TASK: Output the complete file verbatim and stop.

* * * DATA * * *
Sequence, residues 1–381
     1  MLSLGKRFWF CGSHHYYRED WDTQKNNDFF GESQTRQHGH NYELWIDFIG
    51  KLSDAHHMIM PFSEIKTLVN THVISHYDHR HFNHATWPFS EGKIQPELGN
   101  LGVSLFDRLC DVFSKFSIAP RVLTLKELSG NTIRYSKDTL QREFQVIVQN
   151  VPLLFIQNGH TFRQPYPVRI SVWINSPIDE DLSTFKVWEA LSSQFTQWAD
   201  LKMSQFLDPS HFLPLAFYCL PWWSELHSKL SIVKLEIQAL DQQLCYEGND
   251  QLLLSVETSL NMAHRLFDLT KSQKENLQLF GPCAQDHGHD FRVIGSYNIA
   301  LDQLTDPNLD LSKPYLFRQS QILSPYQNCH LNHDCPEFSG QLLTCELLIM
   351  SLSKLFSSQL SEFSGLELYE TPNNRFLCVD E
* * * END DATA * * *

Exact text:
Sequence, residues 1–381
     1  MLSLGKRFWF CGSHHYYRED WDTQKNNDFF GESQTRQHGH NYELWIDFIG
    51  KLSDAHHMIM PFSEIKTLVN THVISHYDHR HFNHATWPFS EGKIQPELGN
   101  LGVSLFDRLC DVFSKFSIAP RVLTLKELSG NTIRYSKDTL QREFQVIVQN
   151  VPLLFIQNGH TFRQPYPVRI SVWINSPIDE DLSTFKVWEA LSSQFTQWAD
   201  LKMSQFLDPS HFLPLAFYCL PWWSELHSKL SIVKLEIQAL DQQLCYEGND
   251  QLLLSVETSL NMAHRLFDLT KSQKENLQLF GPCAQDHGHD FRVIGSYNIA
   301  LDQLTDPNLD LSKPYLFRQS QILSPYQNCH LNHDCPEFSG QLLTCELLIM
   351  SLSKLFSSQL SEFSGLELYE TPNNRFLCVD E